Or, as Stavans himself put it, “My interest is at once in Garcia Marquez’s personal travels and in the historical backdrop against which that traveling unfolded.”

The Life Lived and the Tale Told

On the morning of March 6, 1927, Garcia Marquez was born in Aracataca, a small town on the Caribbean coast of Colombia. The date is important because it marks a time of tremendous change for the town and its citizens as advances in travel and agriculture made Aracataca more subject to exchanges with the rest of the modernized world. There’s not much along these line Stavans can tell us which has not already been well documented. Garcia Marquez himself did, after all, share a great deal in his own autobiography, Living to Tell the Tale, the first of a projected three volumes.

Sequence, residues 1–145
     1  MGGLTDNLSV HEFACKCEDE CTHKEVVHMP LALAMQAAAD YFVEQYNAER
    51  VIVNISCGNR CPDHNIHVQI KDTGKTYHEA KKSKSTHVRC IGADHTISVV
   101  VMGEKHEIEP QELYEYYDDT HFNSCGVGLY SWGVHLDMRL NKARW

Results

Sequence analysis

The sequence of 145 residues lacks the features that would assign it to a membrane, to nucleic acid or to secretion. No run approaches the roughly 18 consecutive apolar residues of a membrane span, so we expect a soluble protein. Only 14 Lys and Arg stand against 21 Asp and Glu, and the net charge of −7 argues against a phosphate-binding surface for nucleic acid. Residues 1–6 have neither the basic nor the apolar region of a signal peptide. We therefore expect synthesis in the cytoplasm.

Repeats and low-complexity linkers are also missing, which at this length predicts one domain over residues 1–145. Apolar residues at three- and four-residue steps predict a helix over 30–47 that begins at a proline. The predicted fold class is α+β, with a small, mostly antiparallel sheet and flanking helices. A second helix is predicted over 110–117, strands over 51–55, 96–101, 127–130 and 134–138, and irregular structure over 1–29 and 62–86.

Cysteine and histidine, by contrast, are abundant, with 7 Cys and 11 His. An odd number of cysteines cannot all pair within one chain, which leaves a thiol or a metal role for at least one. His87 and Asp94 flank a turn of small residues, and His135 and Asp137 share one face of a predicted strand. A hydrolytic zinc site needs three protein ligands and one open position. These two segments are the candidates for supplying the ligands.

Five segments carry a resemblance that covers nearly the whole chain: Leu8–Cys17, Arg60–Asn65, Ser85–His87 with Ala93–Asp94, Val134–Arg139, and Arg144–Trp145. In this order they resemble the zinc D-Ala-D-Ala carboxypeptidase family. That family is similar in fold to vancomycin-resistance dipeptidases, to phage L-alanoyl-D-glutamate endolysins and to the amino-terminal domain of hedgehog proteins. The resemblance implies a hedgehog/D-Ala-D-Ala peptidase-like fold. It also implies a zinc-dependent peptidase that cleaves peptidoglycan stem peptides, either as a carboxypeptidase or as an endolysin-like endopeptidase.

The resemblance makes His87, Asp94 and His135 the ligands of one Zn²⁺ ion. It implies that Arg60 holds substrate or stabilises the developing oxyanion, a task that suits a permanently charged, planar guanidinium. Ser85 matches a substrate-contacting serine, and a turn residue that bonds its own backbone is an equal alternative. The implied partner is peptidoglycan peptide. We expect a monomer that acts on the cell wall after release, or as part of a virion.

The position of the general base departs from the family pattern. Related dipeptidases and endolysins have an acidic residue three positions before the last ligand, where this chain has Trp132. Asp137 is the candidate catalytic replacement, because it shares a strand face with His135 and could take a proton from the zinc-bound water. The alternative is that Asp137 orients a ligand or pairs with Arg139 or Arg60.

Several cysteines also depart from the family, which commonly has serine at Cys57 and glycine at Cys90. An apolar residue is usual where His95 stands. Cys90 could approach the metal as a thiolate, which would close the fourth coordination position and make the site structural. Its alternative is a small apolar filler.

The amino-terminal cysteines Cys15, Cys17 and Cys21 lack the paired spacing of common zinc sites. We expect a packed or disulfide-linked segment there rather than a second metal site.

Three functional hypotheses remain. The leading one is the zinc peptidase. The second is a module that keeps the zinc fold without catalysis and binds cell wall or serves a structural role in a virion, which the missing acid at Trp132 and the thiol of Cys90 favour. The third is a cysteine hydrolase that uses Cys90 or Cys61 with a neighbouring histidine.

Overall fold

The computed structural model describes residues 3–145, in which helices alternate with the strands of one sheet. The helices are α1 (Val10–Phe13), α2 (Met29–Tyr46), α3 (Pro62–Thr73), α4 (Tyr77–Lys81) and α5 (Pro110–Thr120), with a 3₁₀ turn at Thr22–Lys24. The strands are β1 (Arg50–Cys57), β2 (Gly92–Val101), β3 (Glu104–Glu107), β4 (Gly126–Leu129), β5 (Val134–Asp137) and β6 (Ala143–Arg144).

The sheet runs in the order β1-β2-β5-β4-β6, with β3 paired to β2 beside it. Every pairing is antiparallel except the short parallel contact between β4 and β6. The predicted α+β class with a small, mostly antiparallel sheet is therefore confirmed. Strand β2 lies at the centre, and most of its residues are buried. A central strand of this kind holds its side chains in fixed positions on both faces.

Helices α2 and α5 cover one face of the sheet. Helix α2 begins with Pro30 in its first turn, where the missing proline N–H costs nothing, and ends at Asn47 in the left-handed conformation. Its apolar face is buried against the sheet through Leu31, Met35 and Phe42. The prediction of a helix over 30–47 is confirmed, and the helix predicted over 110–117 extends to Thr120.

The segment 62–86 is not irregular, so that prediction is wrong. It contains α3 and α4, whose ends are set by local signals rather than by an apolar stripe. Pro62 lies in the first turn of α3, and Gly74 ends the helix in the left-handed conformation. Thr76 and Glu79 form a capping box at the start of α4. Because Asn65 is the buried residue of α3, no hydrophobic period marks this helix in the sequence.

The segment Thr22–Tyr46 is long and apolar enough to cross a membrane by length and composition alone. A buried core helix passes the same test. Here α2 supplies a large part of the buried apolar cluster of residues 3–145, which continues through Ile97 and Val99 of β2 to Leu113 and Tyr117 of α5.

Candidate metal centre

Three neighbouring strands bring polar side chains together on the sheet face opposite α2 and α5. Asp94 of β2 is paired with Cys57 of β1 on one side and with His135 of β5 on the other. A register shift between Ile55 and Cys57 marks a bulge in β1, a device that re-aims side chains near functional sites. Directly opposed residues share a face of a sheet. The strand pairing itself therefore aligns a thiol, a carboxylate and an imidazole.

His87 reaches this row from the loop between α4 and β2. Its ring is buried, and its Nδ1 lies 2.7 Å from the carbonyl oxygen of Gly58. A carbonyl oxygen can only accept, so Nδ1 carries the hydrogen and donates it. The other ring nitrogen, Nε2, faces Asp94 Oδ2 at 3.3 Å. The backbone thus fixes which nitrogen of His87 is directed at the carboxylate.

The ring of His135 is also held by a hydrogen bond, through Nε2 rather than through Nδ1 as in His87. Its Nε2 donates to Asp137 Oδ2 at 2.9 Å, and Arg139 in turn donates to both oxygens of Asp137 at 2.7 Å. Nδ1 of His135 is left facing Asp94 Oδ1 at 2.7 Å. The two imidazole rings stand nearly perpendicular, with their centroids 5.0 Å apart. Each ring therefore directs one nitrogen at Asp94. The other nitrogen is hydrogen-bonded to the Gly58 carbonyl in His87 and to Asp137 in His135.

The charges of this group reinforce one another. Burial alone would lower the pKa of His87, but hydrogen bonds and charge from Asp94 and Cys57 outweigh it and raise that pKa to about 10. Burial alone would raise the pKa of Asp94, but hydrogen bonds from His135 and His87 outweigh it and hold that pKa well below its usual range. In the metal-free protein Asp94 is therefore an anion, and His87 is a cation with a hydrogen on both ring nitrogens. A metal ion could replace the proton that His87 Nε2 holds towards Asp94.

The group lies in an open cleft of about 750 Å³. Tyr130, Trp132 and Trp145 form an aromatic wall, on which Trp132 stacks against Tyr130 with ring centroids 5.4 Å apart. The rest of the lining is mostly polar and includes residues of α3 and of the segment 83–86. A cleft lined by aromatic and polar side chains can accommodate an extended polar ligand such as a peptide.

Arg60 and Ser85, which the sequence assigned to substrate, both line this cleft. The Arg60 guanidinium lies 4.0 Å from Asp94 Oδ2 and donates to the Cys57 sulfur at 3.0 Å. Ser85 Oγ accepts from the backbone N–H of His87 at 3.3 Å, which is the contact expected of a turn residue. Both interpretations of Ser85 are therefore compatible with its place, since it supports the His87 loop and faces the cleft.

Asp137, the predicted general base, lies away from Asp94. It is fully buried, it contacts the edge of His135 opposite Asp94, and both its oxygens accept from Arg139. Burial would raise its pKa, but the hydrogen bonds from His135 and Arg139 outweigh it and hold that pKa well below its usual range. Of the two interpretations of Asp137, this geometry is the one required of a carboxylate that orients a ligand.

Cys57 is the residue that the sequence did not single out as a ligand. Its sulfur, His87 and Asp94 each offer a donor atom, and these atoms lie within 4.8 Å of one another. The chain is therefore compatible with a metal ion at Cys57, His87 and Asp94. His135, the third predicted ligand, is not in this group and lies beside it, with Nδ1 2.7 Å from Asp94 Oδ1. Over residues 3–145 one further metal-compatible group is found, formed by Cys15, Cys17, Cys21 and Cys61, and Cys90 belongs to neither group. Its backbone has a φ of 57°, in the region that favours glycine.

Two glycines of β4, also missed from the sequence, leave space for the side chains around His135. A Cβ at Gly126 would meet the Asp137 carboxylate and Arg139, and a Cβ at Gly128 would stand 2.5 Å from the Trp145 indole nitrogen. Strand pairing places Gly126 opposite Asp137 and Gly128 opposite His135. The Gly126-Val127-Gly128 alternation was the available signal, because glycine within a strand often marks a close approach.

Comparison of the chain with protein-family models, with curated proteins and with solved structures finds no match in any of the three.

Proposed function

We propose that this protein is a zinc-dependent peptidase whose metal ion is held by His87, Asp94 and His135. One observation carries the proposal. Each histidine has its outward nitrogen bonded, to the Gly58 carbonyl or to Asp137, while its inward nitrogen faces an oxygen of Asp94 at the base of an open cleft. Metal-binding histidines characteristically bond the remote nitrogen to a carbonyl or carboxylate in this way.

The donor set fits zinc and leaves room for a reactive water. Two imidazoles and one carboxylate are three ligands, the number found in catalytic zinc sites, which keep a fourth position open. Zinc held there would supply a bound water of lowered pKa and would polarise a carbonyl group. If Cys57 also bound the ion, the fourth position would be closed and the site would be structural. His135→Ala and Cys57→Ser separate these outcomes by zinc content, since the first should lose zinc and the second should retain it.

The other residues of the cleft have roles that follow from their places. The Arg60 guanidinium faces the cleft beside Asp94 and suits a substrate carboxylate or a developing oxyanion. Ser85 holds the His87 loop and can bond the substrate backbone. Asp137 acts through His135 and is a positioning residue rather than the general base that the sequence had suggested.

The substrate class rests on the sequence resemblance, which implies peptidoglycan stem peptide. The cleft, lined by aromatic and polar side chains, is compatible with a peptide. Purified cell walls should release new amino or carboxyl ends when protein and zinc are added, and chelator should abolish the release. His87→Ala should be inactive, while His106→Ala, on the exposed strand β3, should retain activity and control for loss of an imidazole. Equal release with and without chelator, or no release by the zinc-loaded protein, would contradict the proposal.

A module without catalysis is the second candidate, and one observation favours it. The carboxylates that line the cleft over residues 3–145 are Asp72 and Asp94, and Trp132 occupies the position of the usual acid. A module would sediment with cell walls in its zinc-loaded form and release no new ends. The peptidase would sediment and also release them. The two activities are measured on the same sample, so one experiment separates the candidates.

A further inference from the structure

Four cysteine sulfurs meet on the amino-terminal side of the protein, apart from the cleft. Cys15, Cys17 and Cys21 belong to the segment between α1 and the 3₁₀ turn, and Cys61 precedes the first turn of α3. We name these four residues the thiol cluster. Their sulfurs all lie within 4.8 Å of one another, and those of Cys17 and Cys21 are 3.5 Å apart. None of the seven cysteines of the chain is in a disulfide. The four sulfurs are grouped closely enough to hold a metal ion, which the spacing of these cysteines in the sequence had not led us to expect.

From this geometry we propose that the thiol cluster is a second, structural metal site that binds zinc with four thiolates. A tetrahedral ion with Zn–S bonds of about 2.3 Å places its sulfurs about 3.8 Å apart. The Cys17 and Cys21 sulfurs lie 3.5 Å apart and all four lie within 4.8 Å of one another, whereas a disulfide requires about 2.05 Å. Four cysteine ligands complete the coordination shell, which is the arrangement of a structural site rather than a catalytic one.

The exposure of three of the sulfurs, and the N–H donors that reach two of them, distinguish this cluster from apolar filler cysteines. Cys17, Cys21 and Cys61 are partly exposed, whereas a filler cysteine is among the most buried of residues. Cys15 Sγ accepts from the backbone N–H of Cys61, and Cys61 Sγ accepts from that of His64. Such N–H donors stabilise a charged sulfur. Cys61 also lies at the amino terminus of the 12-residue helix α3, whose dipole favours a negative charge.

What Stavans does provide is a brilliant perspective that places the author in a succession of contexts framed by definitive moments. In regard to Aracataca specifically, he widens the angle (so to speak) in such a way that we see both how the town gave birth to the writer and how the writer in turn helped bring new economic life to the town. He also takes us inside the “wide constellation of females” that watched over Garcia Marquez in his childhood and later inspired the creation of some of his most memorable characters.

Stavans allows us to witness Garcia Marquez’s intense love affair with reading, the romantic-comedy courtship that led to a celebrated marriage, the author’s adulthood apprenticeship as a journalist and script writer, and the progression of events that led to the composition of his most championed masterwork: One Hundred Years of Solitude.

Please Click for: Part 2 Evolution of a modern literary classic

by Aberjhani